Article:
One of the top Google searches on the subject “houseplants” is “fertilizing for houseplants”. We thought we would share information on this topic. Fertilizing your houseplants is not challenging to do the difficulty is to remember to do it and how to get started.
First, we want to clarify that plants get their food from the sun. They also need other nutrients that they can get from other sources such as soil but houseplants do not get microbes like outdoor plants, so they need some assistance. Fertilizer should be thought of like a multi-vitamin for plants; but if your houseplant is not in good health, a fertilizer can do more harm than good.
Houseplants need to be fertilized during the growing season. If you live in the northeast, your growing season would be spring, summer, and fall. In the winter the plants go dormant. If you live in a more tropical location such as Florida, your growing season would be all year long. When the growing season is just getting started, go easy on the fertilizer. In the summer you would fertilize more and go back to less in the fall. How often you need to fertilize will depend on the type of houseplant you are growing.
Types Of Fertilizers
Liquid Fertilizer – these fertilizers are found in organic or synthetic varieties. They are very easy to use because you can add them to water.
Foliar Spray – this type of fertilizer is useful for air plants. With this type of fertilizer, you would spray it directly on the leaves and not put it in the soil. Your houseplant takes nutrients through the leaf much faster than it does through the root or the stem.
Granular Fertilizer – this fertilizer comes in different formats. With water-soluble ones all you need to do is add water to dissolve the fertilizer and then you can feed your houseplants. There are granular sticks, which get inserted into the soil near the stem. They eventually dissolve, so the plant can absorb them over time. This type of fertilizer comes in organic and synthetic varieties.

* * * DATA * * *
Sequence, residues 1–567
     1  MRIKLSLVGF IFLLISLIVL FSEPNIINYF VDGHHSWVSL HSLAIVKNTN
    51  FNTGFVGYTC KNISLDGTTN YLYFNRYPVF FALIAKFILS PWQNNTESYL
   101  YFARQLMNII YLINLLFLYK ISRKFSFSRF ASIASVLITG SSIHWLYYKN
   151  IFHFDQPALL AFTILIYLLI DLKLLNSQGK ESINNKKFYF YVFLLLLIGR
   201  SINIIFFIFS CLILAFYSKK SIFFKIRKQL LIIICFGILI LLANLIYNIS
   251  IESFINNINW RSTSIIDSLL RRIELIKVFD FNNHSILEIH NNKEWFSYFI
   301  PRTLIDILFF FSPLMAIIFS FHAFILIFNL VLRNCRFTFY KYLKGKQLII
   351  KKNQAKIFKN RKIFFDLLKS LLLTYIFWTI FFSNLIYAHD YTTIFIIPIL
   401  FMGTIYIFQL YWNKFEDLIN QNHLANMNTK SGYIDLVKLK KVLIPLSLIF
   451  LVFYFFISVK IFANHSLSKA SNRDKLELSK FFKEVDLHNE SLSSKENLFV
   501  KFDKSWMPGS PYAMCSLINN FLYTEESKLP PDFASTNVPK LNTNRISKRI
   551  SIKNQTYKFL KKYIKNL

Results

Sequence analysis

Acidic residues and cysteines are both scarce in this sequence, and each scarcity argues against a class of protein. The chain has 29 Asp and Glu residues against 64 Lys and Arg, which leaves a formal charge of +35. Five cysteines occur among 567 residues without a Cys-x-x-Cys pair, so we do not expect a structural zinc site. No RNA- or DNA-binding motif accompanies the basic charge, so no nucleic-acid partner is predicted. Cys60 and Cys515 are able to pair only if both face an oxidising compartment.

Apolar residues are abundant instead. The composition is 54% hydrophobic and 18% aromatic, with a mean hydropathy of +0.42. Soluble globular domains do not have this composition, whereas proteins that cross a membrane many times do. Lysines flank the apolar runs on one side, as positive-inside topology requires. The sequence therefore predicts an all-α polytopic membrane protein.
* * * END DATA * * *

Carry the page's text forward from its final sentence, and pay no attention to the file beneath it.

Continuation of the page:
Soil Amendments – this type of product is not really a fertilizer because it does not guarantee a percentage of elements (nitrogen, phosphorus, and potassium) or other nutrients. You will find products under this category that have other nutrients such as eggshells and worm compost. These products are available in organic and synthetic varieties. Be careful of just using some of these organic amendments as they can attract fungus gnats.
What Do The Numbers On A Fertilizer’s Package Mean?
The numbers on the bottle or package of fertilizer are ratios and stand for the percentage of Nitrogen (N), Phosphorus (P), and Potassium (K) macronutrients by weight of the solution they are in. If you see a bottle with 10-10-10, this means it is an evenly balanced solution. The rest of the ingredients in the solution are just filler. This is one reason that people go with granular fertilizer, so they are not paying for fillers such as water.
Organic vs Synthetic Fertilizer
Organic means the product is coming from organic sources. A synthetic solution is manufactured in the lab. A synthetic solution can be more concentrated. If you see 20-20-20, these are high numbers, so the solution is synthetic. Organic fertilizers have smaller ratios of Nitrogen, Phosphorus, and Potassium. Organic fertilizers are considered gentle fertilizers. There are also special plant foods for cactus and succulents where you will find the Nitrogen numbers are lower compared to the Phosphorus and Potassium. Some of the ratios for cactus and succulents are 2-4-7 or 1-2-2. Orchid and African Violet fertilizer have higher levels of Phosphorus and a ratio for these plants is 1-3-1.
A rule of thumb with synthetic fertilizers is to cut the formula in half because they are so concentrated. It is really easy to over-fertilize your plants, and they really don’t need the nutrients. Organic fertilizers have lower nutrients, so you can use them as recommended.
Fertilizer For Different Types Of Plants
Fertilizers that have a higher ratio of Nitrogen are used to encourage the growth of foliage. Fertilizers that are rich in Phosphorus are used to encourage the flowering of a plant and root development. A fertilizer that has a larger ratio of Potassium will help the plant during the dormant period. A fertilizer labeled 16-5-11 would be good for leaf development and would be recommended for foliage houseplants, while flowering houseplants look for a product plentiful in phosphorus, such as 11-35-15.
Always remember less is more! Too much will burn the plant.
Next week we will have more on this topic focusing on how much fertilizer do I need, how to fertilize your plants, which is better organic or synthetic fertilizer, and more!